FOREX-Pound pauses after UK vote on delay; yen ticks up on BOJ, North Korea


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    * Pound off 9-month peak, eyes next vote and EU summit
    * Yen ticks up from 1-week lows after North Korea report
    * BOJ stands pat but Kuroda seen striking dovish tone
    * U.S. data points to slowdown, keeps dollar in check
    * Graphic: World FX rates in 2019

    By Hideyuki Sano
    TOKYO, March 15 (Reuters) - The British pound paused for
breath on Friday but stayed on course for its biggest weekly
gain in seven weeks after the UK parliament voted to seek a
delay in Britain's exit from the European Union, following a
decision to avert a no-deal Brexit.
    The yen was off one-week lows after the Bank of Japan kept
its policy on hold and a report that North Korea is considering
suspending nuclear talks with the United States.
    Sterling  GBP=D4  last traded at $1.3252, having slipped
further from Wednesday's nine-month high of $1.3380, with its
fall of 0.76 percent on Thursday. 
    But it is up 1.8 percent so far this week, the biggest such
gain since late January, supported by relief that Britain will
avoid crashing out of the EU without a deal. 
    Against the euro, the pound retreated to 85.45 pence per
euro  EURGBP=D4  from Wednesday's 22-month peak at 84.725.
    British lawmakers approved a motion setting out the option
to ask the EU for a short delay if parliament can agree on a
Brexit deal by March 20, or a longer delay if no deal can be
agreed in time.*:nL8N2112BD
    The pound was mostly steady after the motion was passed late
on Thursday. 
    "There has been a soft consensus in the market that the
Brexit will be delayed. Things have been moving in line with
that," said Kyosuke Suzuki, director of forex at Societe
    "But tail risk has not completely disappeared yet. The next
week's EU summit will probably be the climax," he said, noting
the fact that all 27 EU members must approve any extension.
    Before UK Prime Minister Theresa May meets EU leaders on
Wednesday and Thursday, a new vote on her twice-rejected deal is
likely next week.
    Lawmakers must now decide whether to back a deal they feel
does not offer a clean break from the EU, or reject it and
accept that Brexit could be watered down or even thwarted by a
long delay.
    The yen bounced back from a one-week low of 111.83 per
dollar  JPY=  touched on Thursday after Russia's TASS news
agency reported North Korea's vice foreign minister said the
country is considering suspending nuclear talks with the United
    The yen also had a mild boost as the BOJ kept monetary
policy steady. Though it had been expected to stand pat, there
are expectations that Governor Haruhiko Kuroda could make a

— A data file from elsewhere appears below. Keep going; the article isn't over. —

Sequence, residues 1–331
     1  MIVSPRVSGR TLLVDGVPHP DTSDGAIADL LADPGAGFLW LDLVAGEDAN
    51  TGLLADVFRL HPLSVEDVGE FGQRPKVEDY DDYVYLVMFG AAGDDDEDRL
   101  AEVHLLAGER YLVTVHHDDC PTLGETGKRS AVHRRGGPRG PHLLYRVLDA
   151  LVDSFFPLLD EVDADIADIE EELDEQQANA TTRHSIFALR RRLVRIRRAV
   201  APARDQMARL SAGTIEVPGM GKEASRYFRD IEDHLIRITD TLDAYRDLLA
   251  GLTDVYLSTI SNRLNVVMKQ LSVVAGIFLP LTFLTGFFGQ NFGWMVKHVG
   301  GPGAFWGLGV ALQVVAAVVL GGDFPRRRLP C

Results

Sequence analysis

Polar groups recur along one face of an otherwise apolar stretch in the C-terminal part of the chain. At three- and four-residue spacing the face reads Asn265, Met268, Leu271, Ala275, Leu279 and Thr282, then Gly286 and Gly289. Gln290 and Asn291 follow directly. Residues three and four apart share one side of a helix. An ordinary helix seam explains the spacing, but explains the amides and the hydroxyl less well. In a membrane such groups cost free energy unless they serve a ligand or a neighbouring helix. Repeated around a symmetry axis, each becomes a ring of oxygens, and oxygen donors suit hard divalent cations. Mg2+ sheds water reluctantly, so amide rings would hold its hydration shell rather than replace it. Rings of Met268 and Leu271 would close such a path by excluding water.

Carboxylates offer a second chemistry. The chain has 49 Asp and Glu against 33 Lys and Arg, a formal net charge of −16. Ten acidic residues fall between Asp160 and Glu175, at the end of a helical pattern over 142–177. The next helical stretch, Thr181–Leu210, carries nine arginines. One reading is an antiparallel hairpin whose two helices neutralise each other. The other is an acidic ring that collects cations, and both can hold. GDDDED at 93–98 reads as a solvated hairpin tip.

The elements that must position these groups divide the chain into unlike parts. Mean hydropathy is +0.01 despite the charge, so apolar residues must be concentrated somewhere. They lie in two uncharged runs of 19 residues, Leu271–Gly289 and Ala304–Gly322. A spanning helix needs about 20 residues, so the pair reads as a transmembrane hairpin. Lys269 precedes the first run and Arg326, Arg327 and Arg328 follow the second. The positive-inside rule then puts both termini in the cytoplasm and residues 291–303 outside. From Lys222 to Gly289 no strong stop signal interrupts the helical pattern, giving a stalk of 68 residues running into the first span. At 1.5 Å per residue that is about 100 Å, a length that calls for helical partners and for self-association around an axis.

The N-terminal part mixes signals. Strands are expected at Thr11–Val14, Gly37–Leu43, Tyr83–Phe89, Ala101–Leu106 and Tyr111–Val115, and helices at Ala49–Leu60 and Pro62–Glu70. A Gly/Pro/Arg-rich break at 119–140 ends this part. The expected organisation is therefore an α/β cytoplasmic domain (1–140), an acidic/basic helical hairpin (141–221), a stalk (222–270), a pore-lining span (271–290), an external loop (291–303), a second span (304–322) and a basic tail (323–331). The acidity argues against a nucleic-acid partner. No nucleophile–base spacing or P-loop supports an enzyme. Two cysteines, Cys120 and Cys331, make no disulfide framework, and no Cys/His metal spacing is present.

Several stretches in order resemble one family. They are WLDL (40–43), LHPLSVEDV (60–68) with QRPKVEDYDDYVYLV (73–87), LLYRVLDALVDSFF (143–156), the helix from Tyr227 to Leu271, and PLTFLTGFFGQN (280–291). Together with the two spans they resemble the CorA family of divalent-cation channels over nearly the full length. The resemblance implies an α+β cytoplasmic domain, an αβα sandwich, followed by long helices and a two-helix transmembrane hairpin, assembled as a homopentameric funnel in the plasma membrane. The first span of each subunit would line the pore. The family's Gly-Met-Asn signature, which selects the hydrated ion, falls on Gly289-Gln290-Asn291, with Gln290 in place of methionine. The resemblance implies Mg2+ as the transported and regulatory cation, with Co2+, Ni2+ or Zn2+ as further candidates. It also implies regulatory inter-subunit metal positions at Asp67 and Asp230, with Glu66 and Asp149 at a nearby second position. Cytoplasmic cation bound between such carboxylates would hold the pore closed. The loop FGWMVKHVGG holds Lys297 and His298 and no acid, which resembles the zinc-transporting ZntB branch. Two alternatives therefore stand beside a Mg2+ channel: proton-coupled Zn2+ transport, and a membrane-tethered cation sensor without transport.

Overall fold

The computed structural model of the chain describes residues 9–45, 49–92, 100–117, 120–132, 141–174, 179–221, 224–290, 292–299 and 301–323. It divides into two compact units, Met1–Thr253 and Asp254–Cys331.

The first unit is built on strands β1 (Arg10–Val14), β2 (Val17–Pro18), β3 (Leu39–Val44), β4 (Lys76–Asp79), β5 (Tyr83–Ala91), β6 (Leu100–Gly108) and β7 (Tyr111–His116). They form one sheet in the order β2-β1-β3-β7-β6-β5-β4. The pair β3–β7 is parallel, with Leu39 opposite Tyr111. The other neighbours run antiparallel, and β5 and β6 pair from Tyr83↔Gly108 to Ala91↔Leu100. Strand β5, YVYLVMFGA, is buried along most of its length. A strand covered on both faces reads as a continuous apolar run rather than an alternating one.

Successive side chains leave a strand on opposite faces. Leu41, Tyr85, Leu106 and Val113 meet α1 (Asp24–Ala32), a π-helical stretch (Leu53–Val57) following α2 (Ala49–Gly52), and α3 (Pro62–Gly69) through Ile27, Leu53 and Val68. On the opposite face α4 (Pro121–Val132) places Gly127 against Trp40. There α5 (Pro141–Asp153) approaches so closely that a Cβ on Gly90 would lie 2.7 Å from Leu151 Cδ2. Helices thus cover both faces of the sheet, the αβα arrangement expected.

stronger show of its readiness to ease policy further at his
news conference at 0630 GMT.
    "It would be wise for the BOJ to keep markets believing that
way. There is no reason to crush such expectations. Kuroda could
express his willingness to ease if needed," said Shinji
Ishimaru, senior analyst at MUFG Bank.
    "But on the other hand, it is also true that the market's
take is that there's little the BOJ can actually do to ease. So
his comments may have limited power in boosting the dollar/yen."
    The dollar was broadly weaker after U.S. data on Thursday
underscored growing pressure on the U.S. economy and kept the
dollar in check.
    The number of Americans filing applications for unemployment
benefits increased more than expected last week while new home
sales fell more than expected in January.*:nL1N2101BE 
    The euro traded at $1.1320  EUR= , up 0.15 percent. 
    The Australian dollar  AUD=D4  gained 0.3 percent to
    It was knocked off this week's high of $0.7098 on Thursday
by reports that a possible summit meeting the United States and
China to hammer out a trade deal will be delayed.
    U.S. Treasury Secretary Steven Mnuchin said on Thursday that
a trade summit between President Donald Trump and his Chinese
counterpart Xi Jinping would not happen at the end of March as
had been previously suggested because there was still more work
to do in trade negotiations.*:nL1N2111M9
    Trump said whether a trade deal can be reached with China
would probably be known in the next three or four weeks.*:nW1N1ZS03E
    Win Thin, global head of currency strategy at Brown Brothers
Harriman, said he expects a compromise to be reached sometime
early in the second quarter.
    "I think there is heat on both China and the U.S. to get a
compromise, but it’s not going to be some kind of big game-
changing thing," said Thin.

 (Additional reporting by Daniel Leussink, Editing by Shri
Navaratnam & Kim Coghill)
 ((; +81 3 6441 1827; Reuters

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